By Jack Fischer
Bill Sharman graduated from Briarcliff in 1943. He lived on Pleasantville Road where the post office is now. In high school, he played violin in the orchestra, sang in the chorus, played varsity football and was Assistant Editor of The Briarcliff Bulletin newspaper.
Briarcliff Bulletin: When you were there, the high school was over where the Atria is currently, do you have any distinct memories of it?
Bill Sharman: Well, I went all the way from kindergarten through high school in that building. The [elementary] school was in the front, which was the original building and then a court between that building and the new one in the back which was the high school. And they had locker rooms down in the lower floor, and classrooms on the first and second floor. I remember one time I had a math class and we went in and put the chairs and the tables all the way from the door all the way to the window and climbed out the window, and then they couldn’t get the door open … and of course the teacher knew who was responsible.
BB: I think a class just did that to a young teacher.
BS: (Laughs) 7th and 8th grade we had French and Latin, both. There were the shows put on by students, but nothing to the extent they have now. I just watched The Music Man the other weekend. They had home economics, the guys took classes in cooking and typing. My younger daughter had the same typing teacher I did. My two kids had the same kindergarten teacher I did. She taught for 35 years, that’s really something. Mrs. Duncomb, Helena Duncomb.
BB: The Bulletin is still going strong, what can you tell us about its early days?
BS: Well we had to type everything out on a mimeograph machine that put it on paper so you could draw on it too, and then that would run through the print machine, all by hand by the way, so that it would be four pages all together. About once a week.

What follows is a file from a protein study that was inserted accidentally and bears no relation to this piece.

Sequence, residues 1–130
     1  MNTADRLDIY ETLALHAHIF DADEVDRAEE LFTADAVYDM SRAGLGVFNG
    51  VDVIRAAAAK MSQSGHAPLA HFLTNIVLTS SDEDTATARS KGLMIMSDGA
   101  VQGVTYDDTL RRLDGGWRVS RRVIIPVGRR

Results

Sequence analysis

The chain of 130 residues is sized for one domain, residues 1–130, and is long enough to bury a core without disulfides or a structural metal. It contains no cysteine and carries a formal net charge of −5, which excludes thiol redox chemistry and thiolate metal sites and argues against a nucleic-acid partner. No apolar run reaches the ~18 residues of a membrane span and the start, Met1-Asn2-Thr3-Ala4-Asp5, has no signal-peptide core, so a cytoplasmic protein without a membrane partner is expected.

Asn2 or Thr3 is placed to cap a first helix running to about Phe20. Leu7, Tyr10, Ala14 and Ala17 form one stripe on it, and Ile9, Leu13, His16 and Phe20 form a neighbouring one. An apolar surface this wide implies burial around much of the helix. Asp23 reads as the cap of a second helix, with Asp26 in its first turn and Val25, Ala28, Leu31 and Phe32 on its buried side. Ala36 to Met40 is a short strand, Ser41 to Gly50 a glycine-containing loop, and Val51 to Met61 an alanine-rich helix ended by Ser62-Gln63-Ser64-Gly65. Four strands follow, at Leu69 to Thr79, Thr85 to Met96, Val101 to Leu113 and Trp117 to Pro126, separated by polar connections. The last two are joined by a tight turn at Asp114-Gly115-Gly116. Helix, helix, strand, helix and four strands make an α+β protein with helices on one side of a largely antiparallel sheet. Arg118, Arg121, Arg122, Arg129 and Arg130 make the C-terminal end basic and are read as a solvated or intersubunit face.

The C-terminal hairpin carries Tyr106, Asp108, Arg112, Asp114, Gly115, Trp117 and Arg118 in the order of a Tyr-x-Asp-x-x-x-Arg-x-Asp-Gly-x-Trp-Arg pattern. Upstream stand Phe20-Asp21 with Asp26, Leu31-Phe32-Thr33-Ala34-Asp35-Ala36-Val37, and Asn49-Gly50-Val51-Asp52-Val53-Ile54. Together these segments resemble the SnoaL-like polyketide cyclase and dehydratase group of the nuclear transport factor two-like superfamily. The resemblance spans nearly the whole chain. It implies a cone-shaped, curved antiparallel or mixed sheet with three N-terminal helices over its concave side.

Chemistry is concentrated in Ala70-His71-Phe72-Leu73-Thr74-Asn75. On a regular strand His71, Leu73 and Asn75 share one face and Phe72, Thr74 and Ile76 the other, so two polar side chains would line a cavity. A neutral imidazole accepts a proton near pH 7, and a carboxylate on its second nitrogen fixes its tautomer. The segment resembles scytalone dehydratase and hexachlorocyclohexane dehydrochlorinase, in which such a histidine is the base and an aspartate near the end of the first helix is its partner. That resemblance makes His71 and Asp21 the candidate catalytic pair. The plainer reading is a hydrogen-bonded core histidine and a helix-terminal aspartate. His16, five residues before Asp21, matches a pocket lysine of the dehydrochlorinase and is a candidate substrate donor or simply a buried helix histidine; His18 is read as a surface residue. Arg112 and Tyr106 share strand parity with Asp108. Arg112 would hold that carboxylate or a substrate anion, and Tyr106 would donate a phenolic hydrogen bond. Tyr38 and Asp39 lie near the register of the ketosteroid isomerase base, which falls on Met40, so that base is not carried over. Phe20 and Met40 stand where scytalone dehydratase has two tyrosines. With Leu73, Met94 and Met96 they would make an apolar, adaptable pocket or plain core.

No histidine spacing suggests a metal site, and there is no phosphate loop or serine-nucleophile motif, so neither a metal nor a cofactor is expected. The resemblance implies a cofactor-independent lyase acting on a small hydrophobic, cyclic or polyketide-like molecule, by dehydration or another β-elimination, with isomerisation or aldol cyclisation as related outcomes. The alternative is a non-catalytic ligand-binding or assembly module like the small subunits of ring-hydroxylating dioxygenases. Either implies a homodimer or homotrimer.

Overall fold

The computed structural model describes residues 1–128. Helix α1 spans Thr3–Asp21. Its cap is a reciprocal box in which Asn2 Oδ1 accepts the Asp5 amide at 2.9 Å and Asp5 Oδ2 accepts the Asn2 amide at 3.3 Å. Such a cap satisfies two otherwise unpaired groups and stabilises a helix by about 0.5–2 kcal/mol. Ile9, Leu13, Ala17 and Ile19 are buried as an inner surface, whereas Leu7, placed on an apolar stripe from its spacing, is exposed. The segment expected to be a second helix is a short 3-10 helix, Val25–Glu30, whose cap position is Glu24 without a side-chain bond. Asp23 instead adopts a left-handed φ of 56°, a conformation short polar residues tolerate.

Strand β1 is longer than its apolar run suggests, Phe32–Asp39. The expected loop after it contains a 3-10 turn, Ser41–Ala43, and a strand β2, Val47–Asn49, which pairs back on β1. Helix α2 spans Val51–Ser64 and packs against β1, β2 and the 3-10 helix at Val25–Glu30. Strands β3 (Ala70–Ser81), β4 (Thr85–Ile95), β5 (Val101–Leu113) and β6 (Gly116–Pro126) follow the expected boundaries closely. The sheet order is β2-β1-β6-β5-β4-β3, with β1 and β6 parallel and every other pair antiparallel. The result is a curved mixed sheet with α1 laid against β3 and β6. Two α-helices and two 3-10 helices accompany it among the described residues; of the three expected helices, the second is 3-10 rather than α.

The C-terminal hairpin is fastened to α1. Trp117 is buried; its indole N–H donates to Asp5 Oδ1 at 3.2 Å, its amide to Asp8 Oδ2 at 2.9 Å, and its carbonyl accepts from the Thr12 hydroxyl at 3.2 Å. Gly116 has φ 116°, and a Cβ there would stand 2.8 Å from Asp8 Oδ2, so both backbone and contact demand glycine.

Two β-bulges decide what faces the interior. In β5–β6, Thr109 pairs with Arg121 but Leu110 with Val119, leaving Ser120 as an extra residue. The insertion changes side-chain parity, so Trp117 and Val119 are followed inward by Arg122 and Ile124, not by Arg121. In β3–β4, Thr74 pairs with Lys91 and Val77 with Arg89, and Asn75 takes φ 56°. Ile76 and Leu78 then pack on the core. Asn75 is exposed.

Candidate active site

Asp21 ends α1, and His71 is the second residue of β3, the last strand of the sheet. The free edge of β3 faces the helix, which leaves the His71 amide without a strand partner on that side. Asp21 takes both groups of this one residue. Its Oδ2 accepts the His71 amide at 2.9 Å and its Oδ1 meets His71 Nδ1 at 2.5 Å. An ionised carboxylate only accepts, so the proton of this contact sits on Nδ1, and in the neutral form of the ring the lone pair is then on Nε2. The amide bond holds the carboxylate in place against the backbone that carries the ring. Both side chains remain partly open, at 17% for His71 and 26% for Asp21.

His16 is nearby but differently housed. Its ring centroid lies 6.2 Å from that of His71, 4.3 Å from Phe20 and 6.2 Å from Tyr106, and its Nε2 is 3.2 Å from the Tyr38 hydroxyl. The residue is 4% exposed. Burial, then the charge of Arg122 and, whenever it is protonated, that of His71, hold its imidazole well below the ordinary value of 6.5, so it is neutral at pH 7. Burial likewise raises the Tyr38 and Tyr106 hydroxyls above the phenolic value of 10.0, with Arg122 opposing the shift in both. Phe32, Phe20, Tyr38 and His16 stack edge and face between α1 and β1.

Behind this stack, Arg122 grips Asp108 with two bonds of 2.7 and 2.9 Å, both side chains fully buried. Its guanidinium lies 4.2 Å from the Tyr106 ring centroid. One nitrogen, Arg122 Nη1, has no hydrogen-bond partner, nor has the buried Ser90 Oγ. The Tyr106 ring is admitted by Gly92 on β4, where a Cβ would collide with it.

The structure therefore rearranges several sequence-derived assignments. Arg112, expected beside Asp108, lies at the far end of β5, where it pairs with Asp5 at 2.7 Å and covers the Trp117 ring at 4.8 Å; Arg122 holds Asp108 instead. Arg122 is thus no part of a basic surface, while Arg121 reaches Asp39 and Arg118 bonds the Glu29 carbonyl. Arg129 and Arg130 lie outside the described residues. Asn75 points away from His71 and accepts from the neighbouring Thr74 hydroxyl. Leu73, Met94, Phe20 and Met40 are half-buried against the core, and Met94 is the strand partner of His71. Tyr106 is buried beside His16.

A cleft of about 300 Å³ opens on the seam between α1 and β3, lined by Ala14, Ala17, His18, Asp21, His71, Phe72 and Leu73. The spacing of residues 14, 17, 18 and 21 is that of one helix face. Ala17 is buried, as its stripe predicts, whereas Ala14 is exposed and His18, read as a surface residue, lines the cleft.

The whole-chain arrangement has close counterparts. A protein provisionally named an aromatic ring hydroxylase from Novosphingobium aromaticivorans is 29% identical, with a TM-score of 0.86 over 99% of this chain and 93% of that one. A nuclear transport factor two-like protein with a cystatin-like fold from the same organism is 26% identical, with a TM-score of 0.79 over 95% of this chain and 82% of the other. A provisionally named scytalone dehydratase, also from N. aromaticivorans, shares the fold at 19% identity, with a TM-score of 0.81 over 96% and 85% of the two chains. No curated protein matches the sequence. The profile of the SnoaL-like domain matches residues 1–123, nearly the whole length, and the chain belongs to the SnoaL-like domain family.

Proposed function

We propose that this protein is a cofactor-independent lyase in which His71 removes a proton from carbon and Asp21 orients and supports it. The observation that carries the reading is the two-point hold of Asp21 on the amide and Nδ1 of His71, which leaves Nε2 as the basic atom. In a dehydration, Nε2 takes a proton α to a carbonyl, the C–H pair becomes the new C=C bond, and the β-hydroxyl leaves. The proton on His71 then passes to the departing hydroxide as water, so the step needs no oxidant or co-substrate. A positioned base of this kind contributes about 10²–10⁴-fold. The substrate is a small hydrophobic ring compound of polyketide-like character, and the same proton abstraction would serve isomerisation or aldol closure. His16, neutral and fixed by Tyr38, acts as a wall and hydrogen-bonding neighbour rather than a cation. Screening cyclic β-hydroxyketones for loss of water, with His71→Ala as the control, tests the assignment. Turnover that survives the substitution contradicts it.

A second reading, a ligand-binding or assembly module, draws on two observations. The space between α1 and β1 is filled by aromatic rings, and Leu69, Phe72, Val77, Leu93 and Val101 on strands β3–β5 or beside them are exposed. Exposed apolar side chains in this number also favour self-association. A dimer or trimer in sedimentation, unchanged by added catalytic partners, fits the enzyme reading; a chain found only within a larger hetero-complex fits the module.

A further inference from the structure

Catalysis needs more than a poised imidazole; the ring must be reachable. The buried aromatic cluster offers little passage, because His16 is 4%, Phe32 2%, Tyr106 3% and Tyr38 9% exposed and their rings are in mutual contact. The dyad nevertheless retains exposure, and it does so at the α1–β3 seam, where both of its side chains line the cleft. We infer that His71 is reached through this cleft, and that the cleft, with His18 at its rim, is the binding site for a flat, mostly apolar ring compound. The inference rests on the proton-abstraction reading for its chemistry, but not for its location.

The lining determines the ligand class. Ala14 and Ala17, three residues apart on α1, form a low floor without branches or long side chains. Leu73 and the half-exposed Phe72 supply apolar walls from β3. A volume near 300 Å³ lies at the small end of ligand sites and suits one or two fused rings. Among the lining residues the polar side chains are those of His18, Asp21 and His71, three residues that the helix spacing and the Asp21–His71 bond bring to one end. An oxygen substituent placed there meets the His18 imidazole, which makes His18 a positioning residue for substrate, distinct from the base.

BB: Wow, we publish about five times a year.
BS: Yeah published once a week, the usual stuff was the news that was going on, the sports scores, a column that I wrote part time with jokes and stuff. We had the sports editor … in that time of course the only sports we had were football, baseball, basketball, and nothing else. The gals had basketball and field hockey, maybe they played softball at one point.
BB: And when was all this?
BS: It was 1943 I graduated so I was working on the paper ’42, ’41 … I was assistant editor, a friend of mine was assistant business manager, we took over the whole paper on April Fools’ Day and ran the whole thing ourselves … Typed it up, did the whole thing, some of the stuff we did backwards so you had to read it in a mirror.
BB: So that’s where the April Fools’ tradition has come from where we publish satire?
BS: Yeah it was kinda fun, we had a good time, we had about a half a dozen people working on it maybe. [The Bulletin now has a staff of over 30.] I still have a copy, it was actually the April Fools’ copy I think.
BB: What was the most important thing you published?
BS: (Pause) Probably the April Fools’ thing.
BB: Are there any big stories you remember? Ever break a story?
BS: No not really, things were pretty quiet back then.
BB: I think they’re pretty quiet today.
BB: Were there pep rallies back then?
BS: Yeah we had bonfires and whatnot, pep rally before the football games … In ’42 or ’43 the football team was undefeated, untied, unscored upon … that was the year I dropped off the team, that’s probably why … eventually I went off to the service and then college.
BB: So this will go out to the whole high school and a lot of people online, do you have anything you wish someone told you when you were in high school?
BS: (Long pause) High school is one of the best times of your life, it’s also a time when you can really get a head start on things … so if you apply yourself, and I know I came out of high school not knowing what I wanted to do, but if you get a good education, it’ll set you up for the rest of your life, make friendships that go on forever … right now I only got a few left of mine.